Woman's stomach pain turns out to be rare case of 'wandering spleen'

Left panel shows a medical scan of an abdomen where the spleen is in the wrong position. The right panel shows the correct position.
(Image credit: The New England Journal of Medicine)

A woman who went to the emergency department with abdominal pain soon learned the source of her discomfort: Her spleen had shifted about a foot out of place, according to a new report of the case.

This rare condition, known as "wandering spleen," occurs when ligaments that normally hold the spleen in place become loose and stretched out. The spleen, which filters blood in the body and produces immune cells, typically sits above the stomach in the left upper quadrant of the abdomen. 

But when the 36-year-old woman showed up at Michigan Medicine in Ann Arbor, her doctors found her spleen in the right lower quadrant of the abdomen, instead. 

"It traveled approximately 1 foot [0.3 meters]," Dr. Alexander Wester, a resident physician in internal medicine at Michigan Medicine, told Live Science in an email. Wester and Dr. Ivan Co, an emergency medicine doctor and assistant professor at Michigan Medicine, described the case in a paper published Nov. 18 in The New England Journal of Medicine.

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Just two days before learning about her wandering spleen, the patient had undergone a screening for liver cancer, during which doctors took medical images of her abdomen and saw her spleen sitting in its appropriate place. A day later, the woman began to experience abdominal pain and vomiting. 

At the emergency department, doctors took new scans, and in that space of time, her spleen had traveled to the complete opposite side of her body.

Panel A on the left shows a medical scan of a woman's abdomen, with the spleen in the wrong position. Panel B on the right shows the spleen in the correct position.

Panel A (left) shows the woman's spleen marked with an asterisk; these scans were taken when the patient went to the emergency department with abdominal pain. The spleen in the right lower quadrant of her abdomen. Panel B (right) is a scan taken two days earlier, where the spleen is in the correct position on the left side of the body. (Image credit: The New England Journal of Medicine)

But why did the woman's spleen wander in the first place? The movement likely stemmed from her liver, which connects to the spleen through a system of veins.

The woman had a liver condition called primary sclerosing cholangitis, a progressive disease marked by inflammation in the bile ducts that carry digestive liquids from the liver to the small intestine, according to the Mayo Clinic. This inflammation caused severe liver scarring, known as cirrhosis, making it difficult for blood to flow through the organ, Wester said.

"Much like a clogged pipe, this causes blood to back up, and one of the places it backs up is the spleen," he said. "Over time, the spleen gets larger trying to accommodate all the extra blood." As the spleen gets bigger, the ligaments surrounding it can get stretched out, allowing the spleen to escape its proper place in the upper abdomen. Thus, the wandering.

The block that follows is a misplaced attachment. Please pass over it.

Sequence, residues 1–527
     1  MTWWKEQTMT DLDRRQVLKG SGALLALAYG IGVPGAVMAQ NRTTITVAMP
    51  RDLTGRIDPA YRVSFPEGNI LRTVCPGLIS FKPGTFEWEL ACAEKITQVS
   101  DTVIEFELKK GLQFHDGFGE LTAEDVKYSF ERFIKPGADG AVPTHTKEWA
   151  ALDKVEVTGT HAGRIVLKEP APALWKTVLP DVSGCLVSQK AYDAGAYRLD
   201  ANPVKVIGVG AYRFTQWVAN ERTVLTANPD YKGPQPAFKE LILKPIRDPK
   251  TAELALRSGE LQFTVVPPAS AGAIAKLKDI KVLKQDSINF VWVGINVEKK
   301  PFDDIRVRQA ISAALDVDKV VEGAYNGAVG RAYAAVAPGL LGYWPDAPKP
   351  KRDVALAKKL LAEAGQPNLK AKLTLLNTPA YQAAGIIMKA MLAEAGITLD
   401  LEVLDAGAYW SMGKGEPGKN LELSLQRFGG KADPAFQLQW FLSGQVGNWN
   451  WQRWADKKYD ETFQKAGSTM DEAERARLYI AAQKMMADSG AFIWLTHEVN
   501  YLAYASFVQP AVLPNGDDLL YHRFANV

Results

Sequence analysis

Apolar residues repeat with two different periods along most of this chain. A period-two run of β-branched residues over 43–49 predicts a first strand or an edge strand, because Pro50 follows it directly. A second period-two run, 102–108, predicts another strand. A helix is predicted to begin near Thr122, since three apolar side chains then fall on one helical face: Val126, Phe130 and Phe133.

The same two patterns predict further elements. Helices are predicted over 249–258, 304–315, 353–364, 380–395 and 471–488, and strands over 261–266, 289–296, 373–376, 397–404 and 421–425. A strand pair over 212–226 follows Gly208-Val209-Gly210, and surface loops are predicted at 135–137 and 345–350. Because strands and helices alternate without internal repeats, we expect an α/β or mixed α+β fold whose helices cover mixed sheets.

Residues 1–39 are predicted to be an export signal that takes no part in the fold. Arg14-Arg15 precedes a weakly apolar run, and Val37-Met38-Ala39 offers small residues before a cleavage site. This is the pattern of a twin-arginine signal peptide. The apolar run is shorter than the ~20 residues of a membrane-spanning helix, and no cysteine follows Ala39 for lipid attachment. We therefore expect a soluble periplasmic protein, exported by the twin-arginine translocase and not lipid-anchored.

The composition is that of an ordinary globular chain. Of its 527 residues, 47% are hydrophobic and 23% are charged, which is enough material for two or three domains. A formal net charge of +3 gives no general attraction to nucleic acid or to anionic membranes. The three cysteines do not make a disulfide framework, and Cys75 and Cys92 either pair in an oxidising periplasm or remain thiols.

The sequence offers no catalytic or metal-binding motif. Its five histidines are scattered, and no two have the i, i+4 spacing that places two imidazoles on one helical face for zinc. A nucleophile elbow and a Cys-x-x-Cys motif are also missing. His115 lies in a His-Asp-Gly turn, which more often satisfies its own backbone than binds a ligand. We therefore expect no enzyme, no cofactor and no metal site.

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Wandering spleen can also be caused by congenital conditions, where babies are born with weak or missing ligaments that would normally stabilize the spleen, according to the National Organization for Rare Disorders. The condition can also arise in adulthood through physical trauma or other conditions that can weaken the ligaments near the spleen, such as connective tissue diseases or even pregnancy.

The biggest danger of leaving a wandering spleen untreated is known as splenic infarction, Wester said. "There are blood vessels that travel near the spleen that can become twisted and cut off blood supply to the spleen," he said. "This can cause severe pain and even death if untreated." The pancreas, which produces hormones and digestive enzymes, is also connected to the spleen via blood vessels and can become inflamed when the spleen wanders out of place.

The best treatment for wandering spleen is to simply have the organ removed. "You can live without an intact spleen, and most patients should get their spleen removed if they have this condition," Wester said.

However, the patient was being evaluated for a liver transplant at the time, and Wester noted that the potential complications of undergoing a splenectomy could undermine her candidacy for a new liver. Additionally, if and when the patient qualified for a new liver, both the transplant and spleen removal could take place at the same time, he added.

So the patient's splenectomy was deferred to some time in the future. In the meantime, she was given "pain-control treatment and hydration, and her abdominal pain and vomiting resolved," according to the case report.

Originally published on Live Science.

Nicoletta Lanese
Channel Editor, Health

Nicoletta Lanese is the health channel editor at Live Science and was previously a news editor and staff writer at the site. She holds a graduate certificate in science communication from UC Santa Cruz and degrees in neuroscience and dance from the University of Florida. Her work has appeared in The Scientist, Science News, the Mercury News, Mongabay and Stanford Medicine Magazine, among other outlets. Based in NYC, she also remains heavily involved in dance and performs in local choreographers' work.